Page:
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So, yeah. The guy said I probably wouldn't actually have to *go* to a fire -- I'd mostly be their communications link -- but I'm wondering what it would be like to do the training with that crowd, the old man in a group of super-hardcore outdoor kids less than half my age. Would I survive it, and would I have even a tiny shred of self-respect left afterwards?

There's also the fitness requirement. To get a Forest Service Red Card you need to pass something that they informally call the Pack Test. It's very straightforward: you need to carry a 45-pound backpack for three miles at a walking pace, in less than 45 minutes. I've backpacked enough to know how hard that is, even for a youngster. If I go through with this, I'm going to need to do some serious training. (And find a friend with a portable defibrillator! :-)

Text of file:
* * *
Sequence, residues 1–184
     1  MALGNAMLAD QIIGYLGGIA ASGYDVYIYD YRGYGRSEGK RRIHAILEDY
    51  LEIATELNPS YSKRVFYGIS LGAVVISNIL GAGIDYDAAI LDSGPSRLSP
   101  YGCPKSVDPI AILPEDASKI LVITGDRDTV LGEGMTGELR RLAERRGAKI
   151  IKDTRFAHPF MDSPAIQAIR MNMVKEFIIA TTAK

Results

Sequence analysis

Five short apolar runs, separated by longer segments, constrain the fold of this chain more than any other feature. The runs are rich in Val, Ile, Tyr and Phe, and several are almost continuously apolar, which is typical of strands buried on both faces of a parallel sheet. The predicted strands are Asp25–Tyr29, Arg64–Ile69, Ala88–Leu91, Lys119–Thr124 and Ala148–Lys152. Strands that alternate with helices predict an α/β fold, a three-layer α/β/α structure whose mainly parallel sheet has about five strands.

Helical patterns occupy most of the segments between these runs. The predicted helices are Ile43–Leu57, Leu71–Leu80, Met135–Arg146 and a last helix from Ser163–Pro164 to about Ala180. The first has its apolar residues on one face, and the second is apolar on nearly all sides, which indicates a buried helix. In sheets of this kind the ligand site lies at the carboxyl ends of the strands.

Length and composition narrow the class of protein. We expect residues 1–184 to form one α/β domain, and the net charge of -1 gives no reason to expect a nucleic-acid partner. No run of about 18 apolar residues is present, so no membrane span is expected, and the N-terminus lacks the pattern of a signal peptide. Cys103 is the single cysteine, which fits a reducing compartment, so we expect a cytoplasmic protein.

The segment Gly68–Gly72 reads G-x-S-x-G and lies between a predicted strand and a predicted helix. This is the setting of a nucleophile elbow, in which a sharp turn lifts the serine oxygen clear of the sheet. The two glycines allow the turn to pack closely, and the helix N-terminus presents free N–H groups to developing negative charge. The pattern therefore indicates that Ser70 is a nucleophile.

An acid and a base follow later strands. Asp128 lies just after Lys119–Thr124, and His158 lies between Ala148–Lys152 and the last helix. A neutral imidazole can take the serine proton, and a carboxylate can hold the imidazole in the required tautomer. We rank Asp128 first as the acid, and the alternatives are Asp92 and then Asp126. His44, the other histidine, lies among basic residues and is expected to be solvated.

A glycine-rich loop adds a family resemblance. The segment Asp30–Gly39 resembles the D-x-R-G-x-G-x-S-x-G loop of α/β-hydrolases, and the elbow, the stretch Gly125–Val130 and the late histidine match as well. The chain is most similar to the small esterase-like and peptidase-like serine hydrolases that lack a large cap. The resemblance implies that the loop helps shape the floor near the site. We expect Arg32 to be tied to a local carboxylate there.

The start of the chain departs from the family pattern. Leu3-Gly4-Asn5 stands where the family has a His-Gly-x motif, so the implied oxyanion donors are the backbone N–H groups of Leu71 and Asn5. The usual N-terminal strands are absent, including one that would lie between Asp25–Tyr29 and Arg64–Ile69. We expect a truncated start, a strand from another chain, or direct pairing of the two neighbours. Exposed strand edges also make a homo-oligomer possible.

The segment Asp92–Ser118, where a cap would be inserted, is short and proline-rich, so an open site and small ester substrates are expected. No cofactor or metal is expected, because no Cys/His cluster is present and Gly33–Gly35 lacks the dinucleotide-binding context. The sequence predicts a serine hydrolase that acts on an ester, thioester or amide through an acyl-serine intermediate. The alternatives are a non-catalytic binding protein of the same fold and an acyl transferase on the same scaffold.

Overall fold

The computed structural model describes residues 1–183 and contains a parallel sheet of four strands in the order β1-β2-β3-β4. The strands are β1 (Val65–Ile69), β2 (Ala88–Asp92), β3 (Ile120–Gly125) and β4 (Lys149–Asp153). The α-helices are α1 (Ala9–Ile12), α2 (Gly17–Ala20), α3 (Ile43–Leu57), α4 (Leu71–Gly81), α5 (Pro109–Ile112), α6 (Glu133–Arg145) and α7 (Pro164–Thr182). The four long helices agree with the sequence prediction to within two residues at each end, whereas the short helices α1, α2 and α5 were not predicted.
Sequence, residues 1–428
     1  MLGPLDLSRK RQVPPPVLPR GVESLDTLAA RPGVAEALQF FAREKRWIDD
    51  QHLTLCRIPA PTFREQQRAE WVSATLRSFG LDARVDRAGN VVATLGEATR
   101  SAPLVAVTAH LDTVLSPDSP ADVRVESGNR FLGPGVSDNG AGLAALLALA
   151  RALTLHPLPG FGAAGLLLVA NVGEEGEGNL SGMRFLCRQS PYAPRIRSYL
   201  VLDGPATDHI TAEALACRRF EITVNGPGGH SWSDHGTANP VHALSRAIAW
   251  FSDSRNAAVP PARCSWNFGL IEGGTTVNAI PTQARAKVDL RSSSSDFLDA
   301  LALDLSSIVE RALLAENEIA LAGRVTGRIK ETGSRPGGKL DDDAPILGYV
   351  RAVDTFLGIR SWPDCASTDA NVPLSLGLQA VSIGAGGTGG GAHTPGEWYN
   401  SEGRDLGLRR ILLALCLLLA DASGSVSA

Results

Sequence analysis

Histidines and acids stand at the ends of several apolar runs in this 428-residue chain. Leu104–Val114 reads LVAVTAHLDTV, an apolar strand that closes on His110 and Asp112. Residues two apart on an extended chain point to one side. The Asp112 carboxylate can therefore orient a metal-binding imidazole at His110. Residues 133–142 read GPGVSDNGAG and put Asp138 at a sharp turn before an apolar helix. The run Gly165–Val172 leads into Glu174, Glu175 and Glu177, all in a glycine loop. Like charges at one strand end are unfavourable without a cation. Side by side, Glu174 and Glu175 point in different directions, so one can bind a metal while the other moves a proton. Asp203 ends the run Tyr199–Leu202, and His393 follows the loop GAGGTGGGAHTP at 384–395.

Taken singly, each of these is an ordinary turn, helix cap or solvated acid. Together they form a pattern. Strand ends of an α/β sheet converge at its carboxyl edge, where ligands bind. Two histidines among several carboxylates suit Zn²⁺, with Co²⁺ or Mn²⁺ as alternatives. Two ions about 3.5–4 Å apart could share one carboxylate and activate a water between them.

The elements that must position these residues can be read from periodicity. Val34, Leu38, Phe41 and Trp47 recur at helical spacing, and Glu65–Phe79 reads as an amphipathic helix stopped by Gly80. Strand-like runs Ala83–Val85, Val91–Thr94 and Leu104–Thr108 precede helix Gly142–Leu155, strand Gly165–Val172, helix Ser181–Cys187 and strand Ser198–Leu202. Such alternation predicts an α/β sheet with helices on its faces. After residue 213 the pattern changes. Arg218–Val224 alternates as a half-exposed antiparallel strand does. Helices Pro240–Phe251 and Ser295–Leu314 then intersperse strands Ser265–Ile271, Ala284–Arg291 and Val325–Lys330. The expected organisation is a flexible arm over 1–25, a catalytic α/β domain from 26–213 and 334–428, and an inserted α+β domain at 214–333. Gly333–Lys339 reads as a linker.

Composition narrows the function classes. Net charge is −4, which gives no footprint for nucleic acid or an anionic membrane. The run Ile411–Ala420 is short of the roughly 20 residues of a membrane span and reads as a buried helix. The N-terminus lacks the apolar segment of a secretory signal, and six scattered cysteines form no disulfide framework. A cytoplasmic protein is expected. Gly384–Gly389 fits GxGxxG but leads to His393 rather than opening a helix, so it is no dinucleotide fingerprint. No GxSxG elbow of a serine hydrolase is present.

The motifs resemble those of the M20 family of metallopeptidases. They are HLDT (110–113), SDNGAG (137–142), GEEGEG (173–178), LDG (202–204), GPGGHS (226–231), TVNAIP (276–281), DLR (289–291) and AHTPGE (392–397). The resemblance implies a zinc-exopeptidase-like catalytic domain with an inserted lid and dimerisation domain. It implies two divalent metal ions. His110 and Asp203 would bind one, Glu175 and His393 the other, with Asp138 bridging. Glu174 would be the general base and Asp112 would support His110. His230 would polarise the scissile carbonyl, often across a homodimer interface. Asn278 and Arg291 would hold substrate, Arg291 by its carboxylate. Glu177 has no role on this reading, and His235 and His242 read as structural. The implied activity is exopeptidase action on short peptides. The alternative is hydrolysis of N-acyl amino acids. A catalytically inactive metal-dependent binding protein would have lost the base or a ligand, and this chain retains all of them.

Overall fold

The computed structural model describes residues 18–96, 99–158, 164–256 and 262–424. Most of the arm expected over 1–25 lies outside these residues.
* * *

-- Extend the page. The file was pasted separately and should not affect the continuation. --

Incoming correspondence ...

April 12, 2018

So I got an e-mail today from my prospective summer boss at the Forest Service. He'd cross-country skied up to the top of Porphyry Peak yesterday, and sent me a photo of my future summer home, all boarded up for the winter, and in a sea of snow:


I would have loved to have been there, and I can't wait for summer to arrive.

In the Forest Service ...

May 29, 2018

Got up early this morning and made the drive up to White Sulphur, to start my Forest Service fire training. It's about 80 miles from Bozeman, up Bridger Canyon, over Battle Ridge, and down into the Shields Valley. Everything was bright and green and the mountains were shining, and I decided it was nearly the most glorious commute possible.